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Cyclosporin in the treatment of adults with refractory coeliac disease—an open pilot study

Cyclosporin in the treatment of adults with refractory coeliac disease—an open pilot study Aim: To evaluate the effect of cyclosporin treatment on clinical and histological parameters in adult patients with refractory coeliac disease. Methods: Thirteen patients were treated with oral cyclosporin for 2 months, aiming at serum levels of 100–200 ng/mL. Seven extended medication intake up to a maximum of 12 months. Before and after treatment, clinical parameters were monitored and small intestinal biopsies taken. Ten of 13 patients were typed for HLA‐DQA1 and ‐DQB1 alleles. Results: Eight of 13 patients responded histologically to cyclosporin treatment. Normalization of villi was demonstrated in five patients, three after prolonged treatment. Eight patients reported a clinical response, of whom six had concomitant histological improvement. No serious side‐effects of cyclosporin were noticed. Nine of 10 patients who were immunogenetically typed carried the coeliac disease associated serologic DQ2 markers, one carried neither DQ2 nor DQ8 markers. Conclusion: In our study group of 13 adult refractory coeliac disease patients, cyclosporin in therapeutic doses induced a histological improvement in eight patients (61%), in five of whom (38%) normalization of villi was demonstrated. Thus, we believe that cyclosporin is a therapeutic option in refractory coeliac disease, although we could not confirm earlier reports of unconditional successful treatment. http://www.deepdyve.com/assets/images/DeepDyve-Logo-lg.png Alimentary Pharmacology & Therapeutics Wiley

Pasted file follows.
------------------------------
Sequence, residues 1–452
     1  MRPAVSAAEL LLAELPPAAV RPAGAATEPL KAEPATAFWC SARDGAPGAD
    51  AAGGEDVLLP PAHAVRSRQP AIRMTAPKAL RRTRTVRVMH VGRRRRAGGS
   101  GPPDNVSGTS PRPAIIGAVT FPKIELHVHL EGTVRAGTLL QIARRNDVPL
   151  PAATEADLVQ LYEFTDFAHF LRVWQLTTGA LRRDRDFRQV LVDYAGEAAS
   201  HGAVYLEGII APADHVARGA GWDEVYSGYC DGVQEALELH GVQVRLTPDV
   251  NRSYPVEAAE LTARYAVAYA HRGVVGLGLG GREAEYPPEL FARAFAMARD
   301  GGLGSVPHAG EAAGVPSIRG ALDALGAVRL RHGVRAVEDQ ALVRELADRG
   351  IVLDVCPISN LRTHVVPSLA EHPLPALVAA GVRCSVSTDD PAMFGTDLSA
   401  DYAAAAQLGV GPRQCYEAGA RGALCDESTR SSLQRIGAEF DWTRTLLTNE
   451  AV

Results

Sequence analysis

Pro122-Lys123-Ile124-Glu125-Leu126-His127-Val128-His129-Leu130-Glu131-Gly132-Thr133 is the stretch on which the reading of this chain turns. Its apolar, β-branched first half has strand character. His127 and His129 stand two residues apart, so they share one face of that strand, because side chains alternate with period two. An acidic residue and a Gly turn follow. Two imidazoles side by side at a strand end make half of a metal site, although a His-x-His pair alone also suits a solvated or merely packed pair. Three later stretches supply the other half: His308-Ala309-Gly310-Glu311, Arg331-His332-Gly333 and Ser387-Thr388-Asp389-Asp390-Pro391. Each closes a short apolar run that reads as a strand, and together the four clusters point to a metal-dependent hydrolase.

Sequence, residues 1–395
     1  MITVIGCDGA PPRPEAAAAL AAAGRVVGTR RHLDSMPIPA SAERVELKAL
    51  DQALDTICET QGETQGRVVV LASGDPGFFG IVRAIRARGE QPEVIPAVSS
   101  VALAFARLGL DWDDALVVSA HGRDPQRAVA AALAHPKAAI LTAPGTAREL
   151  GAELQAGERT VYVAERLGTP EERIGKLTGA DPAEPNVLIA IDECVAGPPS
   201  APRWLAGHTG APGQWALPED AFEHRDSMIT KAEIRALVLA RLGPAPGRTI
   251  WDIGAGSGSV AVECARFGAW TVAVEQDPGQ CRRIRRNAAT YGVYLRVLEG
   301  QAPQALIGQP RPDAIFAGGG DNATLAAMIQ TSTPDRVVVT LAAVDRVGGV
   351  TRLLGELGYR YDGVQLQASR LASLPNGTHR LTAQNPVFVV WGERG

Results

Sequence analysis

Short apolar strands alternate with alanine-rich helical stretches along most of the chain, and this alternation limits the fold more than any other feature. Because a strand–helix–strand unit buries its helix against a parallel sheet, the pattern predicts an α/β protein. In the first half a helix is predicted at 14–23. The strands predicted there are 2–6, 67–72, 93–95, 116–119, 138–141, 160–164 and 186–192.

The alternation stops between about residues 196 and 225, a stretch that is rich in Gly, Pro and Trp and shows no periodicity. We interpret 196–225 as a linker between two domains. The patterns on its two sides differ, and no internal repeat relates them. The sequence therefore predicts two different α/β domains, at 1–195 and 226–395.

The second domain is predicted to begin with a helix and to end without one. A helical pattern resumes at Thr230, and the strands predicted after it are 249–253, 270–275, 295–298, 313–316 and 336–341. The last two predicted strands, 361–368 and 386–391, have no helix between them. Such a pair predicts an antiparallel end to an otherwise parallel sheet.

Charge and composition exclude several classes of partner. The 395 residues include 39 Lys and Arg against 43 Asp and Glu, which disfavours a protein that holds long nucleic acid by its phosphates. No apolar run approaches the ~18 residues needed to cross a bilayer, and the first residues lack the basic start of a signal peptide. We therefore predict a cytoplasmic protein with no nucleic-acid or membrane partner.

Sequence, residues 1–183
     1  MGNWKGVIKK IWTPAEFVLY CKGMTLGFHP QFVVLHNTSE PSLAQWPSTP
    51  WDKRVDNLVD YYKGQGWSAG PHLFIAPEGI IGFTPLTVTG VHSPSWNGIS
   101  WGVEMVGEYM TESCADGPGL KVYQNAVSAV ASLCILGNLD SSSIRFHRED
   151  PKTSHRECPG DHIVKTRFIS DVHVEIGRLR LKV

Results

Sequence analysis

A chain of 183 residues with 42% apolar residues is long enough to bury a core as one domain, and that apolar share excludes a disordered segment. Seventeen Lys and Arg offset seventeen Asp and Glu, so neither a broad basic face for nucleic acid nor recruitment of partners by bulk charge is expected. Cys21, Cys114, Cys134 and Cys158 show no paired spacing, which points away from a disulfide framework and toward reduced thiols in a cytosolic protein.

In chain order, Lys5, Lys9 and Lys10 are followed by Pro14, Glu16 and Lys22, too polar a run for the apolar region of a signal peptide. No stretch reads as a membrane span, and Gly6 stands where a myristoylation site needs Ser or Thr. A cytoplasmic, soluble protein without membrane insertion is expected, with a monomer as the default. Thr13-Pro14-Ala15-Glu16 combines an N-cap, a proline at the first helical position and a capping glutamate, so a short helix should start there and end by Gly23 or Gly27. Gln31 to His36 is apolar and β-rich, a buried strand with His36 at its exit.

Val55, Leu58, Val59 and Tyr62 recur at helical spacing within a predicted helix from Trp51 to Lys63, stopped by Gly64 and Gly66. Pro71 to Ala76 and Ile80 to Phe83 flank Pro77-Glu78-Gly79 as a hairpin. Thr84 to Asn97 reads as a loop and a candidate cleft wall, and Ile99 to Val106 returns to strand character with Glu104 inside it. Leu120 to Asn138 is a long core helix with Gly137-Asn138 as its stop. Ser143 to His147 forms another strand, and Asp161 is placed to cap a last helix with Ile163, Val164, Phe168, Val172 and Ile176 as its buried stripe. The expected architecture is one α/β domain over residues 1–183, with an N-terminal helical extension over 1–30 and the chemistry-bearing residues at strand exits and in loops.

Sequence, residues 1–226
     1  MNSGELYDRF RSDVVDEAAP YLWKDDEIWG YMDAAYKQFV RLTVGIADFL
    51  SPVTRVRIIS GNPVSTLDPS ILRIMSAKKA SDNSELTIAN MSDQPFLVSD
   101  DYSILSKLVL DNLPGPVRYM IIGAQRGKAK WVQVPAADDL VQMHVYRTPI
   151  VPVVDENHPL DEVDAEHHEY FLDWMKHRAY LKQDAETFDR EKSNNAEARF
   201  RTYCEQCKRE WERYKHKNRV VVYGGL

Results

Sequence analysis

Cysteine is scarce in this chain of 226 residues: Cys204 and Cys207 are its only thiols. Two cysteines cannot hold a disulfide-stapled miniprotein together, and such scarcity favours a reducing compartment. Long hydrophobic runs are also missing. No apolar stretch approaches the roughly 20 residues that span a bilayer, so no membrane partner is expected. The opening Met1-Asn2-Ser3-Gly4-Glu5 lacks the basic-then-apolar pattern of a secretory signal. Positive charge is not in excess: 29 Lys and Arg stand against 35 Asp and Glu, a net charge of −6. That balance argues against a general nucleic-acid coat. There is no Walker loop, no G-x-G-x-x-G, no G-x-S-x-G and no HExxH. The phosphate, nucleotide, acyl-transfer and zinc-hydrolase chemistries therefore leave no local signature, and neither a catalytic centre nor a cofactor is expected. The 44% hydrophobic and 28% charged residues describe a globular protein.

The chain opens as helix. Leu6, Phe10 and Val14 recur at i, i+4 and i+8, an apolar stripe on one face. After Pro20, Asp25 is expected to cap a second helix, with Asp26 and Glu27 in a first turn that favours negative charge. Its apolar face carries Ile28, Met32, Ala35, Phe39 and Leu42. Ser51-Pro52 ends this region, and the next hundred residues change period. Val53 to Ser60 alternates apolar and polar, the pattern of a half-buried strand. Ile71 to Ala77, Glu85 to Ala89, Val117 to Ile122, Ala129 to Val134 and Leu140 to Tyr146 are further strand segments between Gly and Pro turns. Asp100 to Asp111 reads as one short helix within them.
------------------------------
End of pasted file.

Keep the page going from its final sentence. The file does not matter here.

Cyclosporin in the treatment of adults with refractory coeliac disease—an open pilot study

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References (36)

Publisher
Wiley
Copyright
Copyright © 2000 Wiley Subscription Services, Inc., A Wiley Company
ISSN
0269-2813
eISSN
1365-2036
DOI
10.1046/j.1365-2036.2000.00718.x
Publisher site
See Article on Publisher Site

Abstract

Aim: To evaluate the effect of cyclosporin treatment on clinical and histological parameters in adult patients with refractory coeliac disease. Methods: Thirteen patients were treated with oral cyclosporin for 2 months, aiming at serum levels of 100–200 ng/mL. Seven extended medication intake up to a maximum of 12 months. Before and after treatment, clinical parameters were monitored and small intestinal biopsies taken. Ten of 13 patients were typed for HLA‐DQA1 and ‐DQB1 alleles. Results: Eight of 13 patients responded histologically to cyclosporin treatment. Normalization of villi was demonstrated in five patients, three after prolonged treatment. Eight patients reported a clinical response, of whom six had concomitant histological improvement. No serious side‐effects of cyclosporin were noticed. Nine of 10 patients who were immunogenetically typed carried the coeliac disease associated serologic DQ2 markers, one carried neither DQ2 nor DQ8 markers. Conclusion: In our study group of 13 adult refractory coeliac disease patients, cyclosporin in therapeutic doses induced a histological improvement in eight patients (61%), in five of whom (38%) normalization of villi was demonstrated. Thus, we believe that cyclosporin is a therapeutic option in refractory coeliac disease, although we could not confirm earlier reports of unconditional successful treatment.

Journal

Alimentary Pharmacology & TherapeuticsWiley

Published: Jun 1, 2000

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